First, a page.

Families’ Experiences Of Continuous Glucose Monitoring In The Management Of Congenital Hyperinsulinism: A Thematic Analysis

Sameera Auckburally, Chris Worth, Maria Salomon Estebanez, Jacqueline Nicholson, Simon Harper, Paul Nutter, Indraneel Banerjee

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Background and Aims
In patients with congenital hyperinsulinism (CHI), recurrent hypoglycaemia can lead to longstanding neurological impairments. At present, glycaemic monitoring is with intermittent fingerprick blood glucose testing but this lacks utility to identify patterns and misses hypoglycaemic episodes between tests. Although continuous glucose monitoring (CGM) is well established in type 1 diabetes, its use has only been described in small studies in patients with CHI. In such studies, medical perspectives have been provided without fully considering the views of families using CGM. In this qualitative study, we aimed to explore families’ experiences of using CGM in order to inform future clinical strategies for the management of CHI.

Ten patients with CHI in a specialist centre used CGM for twelve weeks. All were invited to participate. Semi-structured interviews were conducted with nine families in whom patient ages ranged between two and seventeen years. Transcripts of the audio-recorded interviews were analysed using an inductive thematic analysis method.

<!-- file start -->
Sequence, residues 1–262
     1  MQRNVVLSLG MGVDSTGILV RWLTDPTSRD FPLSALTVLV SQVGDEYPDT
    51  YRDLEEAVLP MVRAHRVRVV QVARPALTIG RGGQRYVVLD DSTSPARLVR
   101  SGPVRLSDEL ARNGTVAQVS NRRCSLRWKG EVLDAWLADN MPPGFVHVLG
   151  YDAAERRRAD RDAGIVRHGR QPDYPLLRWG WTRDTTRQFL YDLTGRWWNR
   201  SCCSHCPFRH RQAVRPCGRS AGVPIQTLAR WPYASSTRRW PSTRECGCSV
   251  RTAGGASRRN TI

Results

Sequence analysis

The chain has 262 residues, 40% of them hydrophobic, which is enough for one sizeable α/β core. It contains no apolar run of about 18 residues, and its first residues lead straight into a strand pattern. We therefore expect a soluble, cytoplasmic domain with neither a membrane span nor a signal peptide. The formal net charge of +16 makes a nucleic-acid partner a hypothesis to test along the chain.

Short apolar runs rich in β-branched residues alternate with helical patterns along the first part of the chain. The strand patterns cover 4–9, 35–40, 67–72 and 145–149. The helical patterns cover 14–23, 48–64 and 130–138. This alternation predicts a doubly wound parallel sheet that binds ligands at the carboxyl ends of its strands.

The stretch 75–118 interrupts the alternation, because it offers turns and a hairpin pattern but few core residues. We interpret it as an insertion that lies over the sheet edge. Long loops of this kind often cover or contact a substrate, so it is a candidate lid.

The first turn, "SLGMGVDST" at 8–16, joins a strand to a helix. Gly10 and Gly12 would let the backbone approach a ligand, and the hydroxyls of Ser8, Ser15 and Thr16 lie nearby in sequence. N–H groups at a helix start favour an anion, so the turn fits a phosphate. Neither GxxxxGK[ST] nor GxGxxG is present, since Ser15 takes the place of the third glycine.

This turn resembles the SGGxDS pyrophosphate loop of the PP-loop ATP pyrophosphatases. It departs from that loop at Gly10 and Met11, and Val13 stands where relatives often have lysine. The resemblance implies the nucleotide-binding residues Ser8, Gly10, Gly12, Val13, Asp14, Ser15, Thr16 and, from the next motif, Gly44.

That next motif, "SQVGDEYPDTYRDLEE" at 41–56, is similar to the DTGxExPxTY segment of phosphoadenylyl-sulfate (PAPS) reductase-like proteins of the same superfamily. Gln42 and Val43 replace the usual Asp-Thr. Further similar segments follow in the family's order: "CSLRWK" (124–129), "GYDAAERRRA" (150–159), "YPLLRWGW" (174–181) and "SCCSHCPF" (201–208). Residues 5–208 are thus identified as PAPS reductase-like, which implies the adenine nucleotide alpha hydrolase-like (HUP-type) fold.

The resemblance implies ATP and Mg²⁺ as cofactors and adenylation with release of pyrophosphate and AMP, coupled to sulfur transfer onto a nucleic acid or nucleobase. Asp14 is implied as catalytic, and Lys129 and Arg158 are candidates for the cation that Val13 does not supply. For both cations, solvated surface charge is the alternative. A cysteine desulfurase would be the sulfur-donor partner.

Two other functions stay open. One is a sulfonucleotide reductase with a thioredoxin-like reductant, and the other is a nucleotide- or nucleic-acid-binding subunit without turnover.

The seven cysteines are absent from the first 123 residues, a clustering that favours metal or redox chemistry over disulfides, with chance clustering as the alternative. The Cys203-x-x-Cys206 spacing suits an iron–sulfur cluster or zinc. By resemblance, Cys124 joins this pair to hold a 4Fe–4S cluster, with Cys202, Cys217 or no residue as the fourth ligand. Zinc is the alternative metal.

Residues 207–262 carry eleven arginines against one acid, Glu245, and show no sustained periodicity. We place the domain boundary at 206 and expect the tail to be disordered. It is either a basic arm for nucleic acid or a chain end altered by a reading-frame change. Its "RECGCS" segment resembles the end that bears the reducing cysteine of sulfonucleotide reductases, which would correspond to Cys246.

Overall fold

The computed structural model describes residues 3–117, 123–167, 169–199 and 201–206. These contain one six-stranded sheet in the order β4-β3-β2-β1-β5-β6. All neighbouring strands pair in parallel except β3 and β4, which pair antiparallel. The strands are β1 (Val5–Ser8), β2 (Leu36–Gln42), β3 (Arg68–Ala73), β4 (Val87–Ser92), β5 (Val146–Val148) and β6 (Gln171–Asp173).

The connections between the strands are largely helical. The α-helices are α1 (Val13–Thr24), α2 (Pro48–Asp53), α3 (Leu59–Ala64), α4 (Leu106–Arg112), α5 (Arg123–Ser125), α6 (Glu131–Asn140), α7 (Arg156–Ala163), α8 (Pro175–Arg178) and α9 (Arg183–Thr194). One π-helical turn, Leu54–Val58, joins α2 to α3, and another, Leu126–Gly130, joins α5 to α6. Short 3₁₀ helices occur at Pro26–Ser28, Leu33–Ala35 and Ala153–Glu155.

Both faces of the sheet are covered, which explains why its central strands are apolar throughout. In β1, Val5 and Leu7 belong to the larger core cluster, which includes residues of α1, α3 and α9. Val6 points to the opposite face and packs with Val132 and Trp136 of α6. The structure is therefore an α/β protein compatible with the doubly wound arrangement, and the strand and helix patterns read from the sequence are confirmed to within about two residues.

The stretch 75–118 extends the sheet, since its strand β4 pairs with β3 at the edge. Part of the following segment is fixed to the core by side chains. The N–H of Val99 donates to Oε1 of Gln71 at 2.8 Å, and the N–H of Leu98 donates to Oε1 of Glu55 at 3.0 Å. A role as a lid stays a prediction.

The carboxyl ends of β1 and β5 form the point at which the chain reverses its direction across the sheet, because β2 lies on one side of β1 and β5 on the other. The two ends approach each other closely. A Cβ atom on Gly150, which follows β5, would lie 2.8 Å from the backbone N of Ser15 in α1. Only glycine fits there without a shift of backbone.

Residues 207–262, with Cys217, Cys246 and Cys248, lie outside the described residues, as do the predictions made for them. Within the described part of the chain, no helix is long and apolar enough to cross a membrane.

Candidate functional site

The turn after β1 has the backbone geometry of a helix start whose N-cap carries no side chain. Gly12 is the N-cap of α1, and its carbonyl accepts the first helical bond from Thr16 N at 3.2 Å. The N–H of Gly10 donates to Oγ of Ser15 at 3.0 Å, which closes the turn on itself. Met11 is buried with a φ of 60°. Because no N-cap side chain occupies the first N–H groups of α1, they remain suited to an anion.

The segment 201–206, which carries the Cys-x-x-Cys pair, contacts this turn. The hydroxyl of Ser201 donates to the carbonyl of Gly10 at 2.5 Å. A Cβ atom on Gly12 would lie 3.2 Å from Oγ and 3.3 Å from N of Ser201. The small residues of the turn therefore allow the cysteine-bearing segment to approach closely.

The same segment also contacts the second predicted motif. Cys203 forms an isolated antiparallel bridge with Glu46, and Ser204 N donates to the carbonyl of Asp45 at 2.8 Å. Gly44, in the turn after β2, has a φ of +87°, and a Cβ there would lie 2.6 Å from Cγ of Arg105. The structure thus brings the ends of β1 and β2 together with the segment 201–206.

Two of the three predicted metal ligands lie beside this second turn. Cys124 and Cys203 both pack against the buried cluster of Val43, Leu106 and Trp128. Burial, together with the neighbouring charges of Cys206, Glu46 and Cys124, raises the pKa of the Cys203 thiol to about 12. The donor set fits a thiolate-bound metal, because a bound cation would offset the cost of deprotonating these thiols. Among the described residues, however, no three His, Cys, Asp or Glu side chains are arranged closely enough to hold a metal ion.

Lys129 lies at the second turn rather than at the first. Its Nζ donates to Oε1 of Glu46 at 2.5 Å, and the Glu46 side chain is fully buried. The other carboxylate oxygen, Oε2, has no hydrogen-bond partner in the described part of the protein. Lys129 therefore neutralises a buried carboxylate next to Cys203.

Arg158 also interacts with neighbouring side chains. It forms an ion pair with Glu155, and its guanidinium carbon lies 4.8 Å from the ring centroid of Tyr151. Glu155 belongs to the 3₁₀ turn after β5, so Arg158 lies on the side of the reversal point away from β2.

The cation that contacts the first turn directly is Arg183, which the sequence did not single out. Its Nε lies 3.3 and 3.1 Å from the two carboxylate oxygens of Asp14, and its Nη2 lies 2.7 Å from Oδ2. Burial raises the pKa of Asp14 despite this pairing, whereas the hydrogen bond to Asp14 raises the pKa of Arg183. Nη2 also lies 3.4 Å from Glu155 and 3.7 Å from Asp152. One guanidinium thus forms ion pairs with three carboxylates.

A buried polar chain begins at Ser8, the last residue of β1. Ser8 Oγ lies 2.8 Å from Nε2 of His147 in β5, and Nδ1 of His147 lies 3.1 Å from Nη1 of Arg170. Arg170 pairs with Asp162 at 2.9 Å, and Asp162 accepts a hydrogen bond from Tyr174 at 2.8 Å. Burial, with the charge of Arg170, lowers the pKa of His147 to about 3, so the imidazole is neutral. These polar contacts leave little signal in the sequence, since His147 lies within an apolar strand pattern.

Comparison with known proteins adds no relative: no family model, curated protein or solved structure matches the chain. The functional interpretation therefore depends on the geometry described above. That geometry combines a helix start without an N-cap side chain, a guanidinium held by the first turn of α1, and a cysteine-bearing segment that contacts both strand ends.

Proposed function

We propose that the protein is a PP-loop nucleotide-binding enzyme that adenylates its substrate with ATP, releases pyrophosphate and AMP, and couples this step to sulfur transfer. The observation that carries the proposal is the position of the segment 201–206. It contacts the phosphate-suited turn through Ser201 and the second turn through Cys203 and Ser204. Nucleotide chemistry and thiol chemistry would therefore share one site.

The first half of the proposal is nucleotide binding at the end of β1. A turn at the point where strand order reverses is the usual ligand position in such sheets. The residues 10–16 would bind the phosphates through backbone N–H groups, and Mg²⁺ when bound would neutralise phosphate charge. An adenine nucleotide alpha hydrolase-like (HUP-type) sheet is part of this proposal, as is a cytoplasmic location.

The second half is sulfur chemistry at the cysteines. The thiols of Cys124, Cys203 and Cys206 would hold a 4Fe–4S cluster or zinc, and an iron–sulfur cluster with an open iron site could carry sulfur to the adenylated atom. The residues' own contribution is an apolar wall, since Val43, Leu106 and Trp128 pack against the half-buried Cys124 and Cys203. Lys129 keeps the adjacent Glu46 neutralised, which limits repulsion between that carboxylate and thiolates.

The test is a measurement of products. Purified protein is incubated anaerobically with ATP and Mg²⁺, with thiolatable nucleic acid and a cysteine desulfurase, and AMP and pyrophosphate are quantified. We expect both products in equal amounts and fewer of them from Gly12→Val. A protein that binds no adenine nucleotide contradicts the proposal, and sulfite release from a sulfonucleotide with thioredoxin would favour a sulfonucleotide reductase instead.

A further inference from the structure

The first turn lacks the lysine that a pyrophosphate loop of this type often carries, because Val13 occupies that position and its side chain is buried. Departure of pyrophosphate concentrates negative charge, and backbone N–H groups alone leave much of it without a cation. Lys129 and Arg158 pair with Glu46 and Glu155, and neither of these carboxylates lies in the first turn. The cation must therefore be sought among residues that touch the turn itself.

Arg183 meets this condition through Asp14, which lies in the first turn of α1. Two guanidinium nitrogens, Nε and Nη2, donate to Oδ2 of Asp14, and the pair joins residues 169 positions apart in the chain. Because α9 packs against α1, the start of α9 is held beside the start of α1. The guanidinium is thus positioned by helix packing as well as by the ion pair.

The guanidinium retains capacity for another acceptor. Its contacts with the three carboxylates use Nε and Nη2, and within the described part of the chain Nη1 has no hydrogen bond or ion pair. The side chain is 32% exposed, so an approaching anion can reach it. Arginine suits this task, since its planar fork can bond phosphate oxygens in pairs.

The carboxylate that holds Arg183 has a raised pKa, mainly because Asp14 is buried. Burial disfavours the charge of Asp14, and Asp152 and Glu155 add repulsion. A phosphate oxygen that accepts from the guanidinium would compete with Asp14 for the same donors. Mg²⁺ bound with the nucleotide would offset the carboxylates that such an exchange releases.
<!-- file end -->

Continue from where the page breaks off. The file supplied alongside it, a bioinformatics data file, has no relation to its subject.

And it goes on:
Analysis revealed five core themes: CGM’s function as an educational tool; behavioural changes; positive experiences; negative experiences; and design improvements. Close monitoring and retrospective analysis of glucose trends allowed for enhanced understanding of factors that influenced glucose levels at various times of the day. Parents noted more hypoglycaemic episodes than previously encountered through fingerprick tests; this new knowledge prompted modification of daily routines to prevent and improve the management of hypoglycaemia. CGM use was viewed favourably as offering parental reassurance, reduced fingerprick tests and predictive warnings. However, families also reported unfavourable aspects of alarms and questionable accuracy at low glucose levels. Adolescents were frustrated by the short proximity range for data transmission resulting in the need to always carry a separate receiver. Overall, families were positive about the use of CGM but expected application to be tailored to their child’s medical condition.

Patients and families with CHI using CGM noticed trends in glucose levels which motivated behavioural changes to reduce hypoglycaemia with advantages outweighing disadvantages. They expected CHI-specific modifications to enhance utility. Future design of CGM should incorporate end users’ opinions and experiences for optimal glycaemic monitoring of CHI.
Original languageEnglish
JournalFrontiers in Endocrinology
Publication statusPublished - Jul 2022


  • congenital hyperinsulinism
  • continuous glucose monitoring
  • experiences
  • interviews
  • thematic analysis


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